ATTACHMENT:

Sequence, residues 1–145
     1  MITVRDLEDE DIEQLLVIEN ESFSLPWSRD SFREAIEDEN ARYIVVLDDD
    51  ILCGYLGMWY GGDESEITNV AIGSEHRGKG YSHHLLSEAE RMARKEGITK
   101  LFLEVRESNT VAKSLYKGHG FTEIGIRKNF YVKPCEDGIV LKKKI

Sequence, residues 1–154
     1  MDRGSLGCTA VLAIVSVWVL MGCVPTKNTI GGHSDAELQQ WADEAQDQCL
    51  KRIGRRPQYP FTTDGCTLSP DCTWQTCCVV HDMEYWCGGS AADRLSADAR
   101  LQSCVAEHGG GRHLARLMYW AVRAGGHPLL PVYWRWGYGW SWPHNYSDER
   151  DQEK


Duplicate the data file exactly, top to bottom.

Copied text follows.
Sequence, residues 1–145
     1  MITVRDLEDE DIEQLLVIEN ESFSLPWSRD SFREAIEDEN ARYIVVLDDD
    51  ILCGYLGMWY GGDESEITNV AIGSEHRGKG YSHHLLSEAE RMARKEGITK
   101  LFLEVRESNT VAKSLYKGHG FTEIGIRKNF YVKPCEDGIV LKKKI

Sequence, residues 1–154
     1  MDRGSLGCTA VLAIVSVWVL MGCVPTKNTI GGHSDAELQQ WADEAQDQCL
    51  KRIGRRPQYP FTTDGCTLSP DCTWQTCCVV HDMEYWCGGS AADRLSADAR
   101  LQSCVAEHGG GRHLARLMYW AVRAGGHPLL PVYWRWGYGW SWPHNYSDER
   151  DQEK